Home Local News Covenant Hobbs celebrates first baby

Covenant Hobbs celebrates first baby

3 min read

Andy Brosig/News-Sun

Within hours of opening its doors last week, Covenant Health Hobbs Hospital saw its first birth — christening its new Women’s Center in a big way.

Aida Lucero, 25, was visiting family in Hobbs from her home in Mexico when her child decided she was ready to enter the world. Baby Noah was born at 4:40 p.m. Thursday. She weighed in at 9-pounds upon arrival.

“It’s a very efficient system” in the new Women’s Center, Lucero told the News-Sun, speaking through a translator. “I loved it the way my mother could be here with me for the birth. It was way easier.”

The old way of having babies was to go into one room for labor then, as delivery neared, be taken to a second room to welcome the newborn into the world. Mothers and babies were then separated, with the woman shuttled to a recovery room while the newborn was taken to a nursery to be ‘oohed’ and ‘ahed’ over by family and friends through a large glass window.

The new Women’s Center at Covenant Hobbs Hospital uses a different approach, one that actually started in the old facility, the former Lea Regional Hospital which Covenant took over in January 2021.

Now, women are assigned a “birthing suite” when they arrive at the hospital, a single room where they go through labor, delivery and recover. And, instead of being relegated to a crowded nursery with other newborns, the babies stay in the room with their mothers.

“The functionality hasn’t really changed that much,” said labor and delivery nurse Monica Cabello. “The rooms are bigger … and everything is new and works accordingly.”

Fellow Women’s Center nurse Katelyn Blankenship agreed.

“We had a similar model (at the old hospital),” Blankenship said. “I think it’s a nice workflow. We’re still kind of figuring it out as far as how simple it is, but I think in the end it will be easier” for both patients and staff.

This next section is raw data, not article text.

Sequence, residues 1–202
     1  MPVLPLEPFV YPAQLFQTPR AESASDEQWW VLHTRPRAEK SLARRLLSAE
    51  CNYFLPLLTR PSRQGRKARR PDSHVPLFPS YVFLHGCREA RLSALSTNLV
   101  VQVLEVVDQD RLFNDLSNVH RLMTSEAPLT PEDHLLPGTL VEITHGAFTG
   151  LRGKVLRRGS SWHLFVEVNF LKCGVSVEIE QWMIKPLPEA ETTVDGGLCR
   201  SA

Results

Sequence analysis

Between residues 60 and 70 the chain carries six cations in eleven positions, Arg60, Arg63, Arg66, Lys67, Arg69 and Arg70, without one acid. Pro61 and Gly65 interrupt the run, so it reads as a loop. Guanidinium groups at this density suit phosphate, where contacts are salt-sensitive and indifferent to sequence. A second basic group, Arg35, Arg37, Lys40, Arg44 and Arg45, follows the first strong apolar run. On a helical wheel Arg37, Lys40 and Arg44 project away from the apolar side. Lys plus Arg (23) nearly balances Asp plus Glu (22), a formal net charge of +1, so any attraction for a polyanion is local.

And Lucero, though the first expectant mother to do so, said she was impressed by the process. After arriving in the emergency room, where she was evaluated and admitted, Lucero was moved to the birthing suite.

While there, staff talked to her about vaccinations and other things she needed to know about “to be ready when the baby arrived.”

Nurses were checking on Lucero throughout the day leading up to Noah’s birth, evaluating her level of pain and how close she was getting to delivering.

When it was time for Lucero to deliver Noah, all the necessary monitoring equipment was moved into place right in the birthing suite. Supports for her legs were extended from beneath the bed and Lucero was ready for the next step in the process.

About the only real hiccup in the process came about because Covenant Hobbs Hospital was deep into the process of transitioning facilities. Lucero and her mother initially went to the old hospital, the former Lea Regional Medical Center, and were directed to the new facility by staff who were waiting for just that reason.

And there was a language barrier, Lucero said. But it wasn’t insurmountable.

“There were about four or five nurses,” Lucero said. “I couldn’t tell you their names. I was in a different mind process at the time. But even though they didn’t speak any Spanish I know they were trying to comfort me.”

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